Theories of how bilinguals represent information have been conceived in terms of either a single, language-independent code or dual, language-specific codes. In this study, Spanish-English bilinguals exhibited both a language-independent and a language-specific pattern of results under identical study conditions depending on the retrieval demands of a task. With the data-driven task of word fragment completion, language specificity was observed. With the conceptually driven task of free recall, language-independence was generally observed. Results from a yes/no test of recognition memory were interpreted as reflecting both types of processing. The issue of whether bilinguals store information in one or two codes seems indeterminable, because the varying retrieval demands of different tasks produce different patterns of results and lead to opposite conclusions. Rather, a transfer appropriate processing framework-in which performance on retention tests is shown to benefit to the extent to which procedures required on the test recapitulate those employed during encoding-provides a more fruitful analysis.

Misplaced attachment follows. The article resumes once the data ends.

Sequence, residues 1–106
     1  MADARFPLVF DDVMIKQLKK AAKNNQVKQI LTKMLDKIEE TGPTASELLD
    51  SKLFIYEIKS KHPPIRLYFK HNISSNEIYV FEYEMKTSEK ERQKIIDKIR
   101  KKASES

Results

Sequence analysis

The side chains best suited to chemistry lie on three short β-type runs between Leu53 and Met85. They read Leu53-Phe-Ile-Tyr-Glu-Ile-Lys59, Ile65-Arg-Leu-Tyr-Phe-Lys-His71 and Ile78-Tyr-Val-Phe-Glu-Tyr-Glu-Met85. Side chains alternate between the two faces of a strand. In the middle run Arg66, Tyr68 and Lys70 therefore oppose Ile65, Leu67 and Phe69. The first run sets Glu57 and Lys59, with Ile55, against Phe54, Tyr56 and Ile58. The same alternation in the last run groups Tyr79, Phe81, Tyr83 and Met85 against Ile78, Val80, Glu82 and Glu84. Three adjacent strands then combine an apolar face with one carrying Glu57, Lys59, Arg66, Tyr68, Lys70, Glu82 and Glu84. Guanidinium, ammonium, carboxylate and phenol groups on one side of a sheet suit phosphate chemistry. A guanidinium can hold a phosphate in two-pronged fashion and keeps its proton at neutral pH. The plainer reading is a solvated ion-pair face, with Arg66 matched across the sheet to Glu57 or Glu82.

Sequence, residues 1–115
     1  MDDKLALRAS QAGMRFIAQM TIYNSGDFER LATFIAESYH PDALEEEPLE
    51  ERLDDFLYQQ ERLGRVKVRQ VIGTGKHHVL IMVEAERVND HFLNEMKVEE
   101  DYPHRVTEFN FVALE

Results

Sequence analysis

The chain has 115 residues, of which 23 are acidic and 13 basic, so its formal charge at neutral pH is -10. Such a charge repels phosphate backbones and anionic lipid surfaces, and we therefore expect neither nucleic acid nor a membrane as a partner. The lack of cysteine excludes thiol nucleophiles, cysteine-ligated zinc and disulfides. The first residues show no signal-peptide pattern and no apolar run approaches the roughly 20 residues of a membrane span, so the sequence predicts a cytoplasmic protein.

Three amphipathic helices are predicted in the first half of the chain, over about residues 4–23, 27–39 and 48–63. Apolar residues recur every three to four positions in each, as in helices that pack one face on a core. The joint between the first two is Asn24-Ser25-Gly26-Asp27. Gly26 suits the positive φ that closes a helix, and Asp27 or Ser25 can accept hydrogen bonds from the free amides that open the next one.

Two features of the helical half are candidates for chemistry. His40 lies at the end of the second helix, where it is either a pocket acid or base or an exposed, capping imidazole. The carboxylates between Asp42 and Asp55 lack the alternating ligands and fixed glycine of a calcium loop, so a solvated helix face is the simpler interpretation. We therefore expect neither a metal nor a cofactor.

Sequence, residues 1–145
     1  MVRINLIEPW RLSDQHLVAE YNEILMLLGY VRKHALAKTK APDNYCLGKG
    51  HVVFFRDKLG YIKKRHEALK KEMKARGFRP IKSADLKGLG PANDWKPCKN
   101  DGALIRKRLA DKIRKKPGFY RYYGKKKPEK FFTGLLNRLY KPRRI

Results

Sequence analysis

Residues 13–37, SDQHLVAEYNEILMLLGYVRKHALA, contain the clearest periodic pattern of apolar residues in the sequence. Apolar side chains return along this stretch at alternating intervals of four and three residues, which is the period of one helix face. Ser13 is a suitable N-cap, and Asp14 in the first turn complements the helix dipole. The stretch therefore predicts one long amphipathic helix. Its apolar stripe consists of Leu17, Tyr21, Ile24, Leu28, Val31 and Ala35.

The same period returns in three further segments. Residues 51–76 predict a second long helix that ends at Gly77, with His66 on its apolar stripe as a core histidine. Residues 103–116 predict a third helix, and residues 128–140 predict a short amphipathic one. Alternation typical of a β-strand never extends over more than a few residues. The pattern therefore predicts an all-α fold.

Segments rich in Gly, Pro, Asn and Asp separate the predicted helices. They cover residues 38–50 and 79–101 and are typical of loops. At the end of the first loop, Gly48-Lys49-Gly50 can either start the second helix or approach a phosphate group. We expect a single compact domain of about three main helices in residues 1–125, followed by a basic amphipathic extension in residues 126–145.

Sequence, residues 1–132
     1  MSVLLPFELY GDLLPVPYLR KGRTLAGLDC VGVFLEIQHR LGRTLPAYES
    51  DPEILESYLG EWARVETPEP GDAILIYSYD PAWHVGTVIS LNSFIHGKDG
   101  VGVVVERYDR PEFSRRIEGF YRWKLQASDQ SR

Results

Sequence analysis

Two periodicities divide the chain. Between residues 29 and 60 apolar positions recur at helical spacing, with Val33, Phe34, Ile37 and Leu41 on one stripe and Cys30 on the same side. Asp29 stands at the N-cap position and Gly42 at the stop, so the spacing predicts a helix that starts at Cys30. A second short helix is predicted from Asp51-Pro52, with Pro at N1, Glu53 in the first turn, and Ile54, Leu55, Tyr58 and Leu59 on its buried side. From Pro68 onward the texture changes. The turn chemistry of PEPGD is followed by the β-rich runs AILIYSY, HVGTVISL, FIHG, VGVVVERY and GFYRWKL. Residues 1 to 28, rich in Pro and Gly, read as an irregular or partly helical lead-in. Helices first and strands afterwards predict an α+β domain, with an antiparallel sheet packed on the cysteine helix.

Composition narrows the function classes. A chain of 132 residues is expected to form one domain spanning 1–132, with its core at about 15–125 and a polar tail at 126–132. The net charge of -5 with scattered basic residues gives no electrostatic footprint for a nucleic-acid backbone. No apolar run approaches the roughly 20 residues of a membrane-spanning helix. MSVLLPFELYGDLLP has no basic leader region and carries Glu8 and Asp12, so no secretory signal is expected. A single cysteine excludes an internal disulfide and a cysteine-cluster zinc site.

Bibliographical noteFunding Information:
This research was supported by Grant ROl HD-15054 from the National Institute of Child Health and Human Development. We thank J. Neely, P. Schwanenflugel, E. Tulving, and M. Weldon for their helpful comments, Micheal Ness for his assistance in testing subjects, and Rocio Martinez for her help in recruiting subjects. The first author is now at the Center for the Study of Reading at the University of Illinois, Champaign, IL 61820. Requests for reprints may be sent to Henry L. Roediger III, Department of Psychology, Purdue University. West Lafayette, IN 47907.
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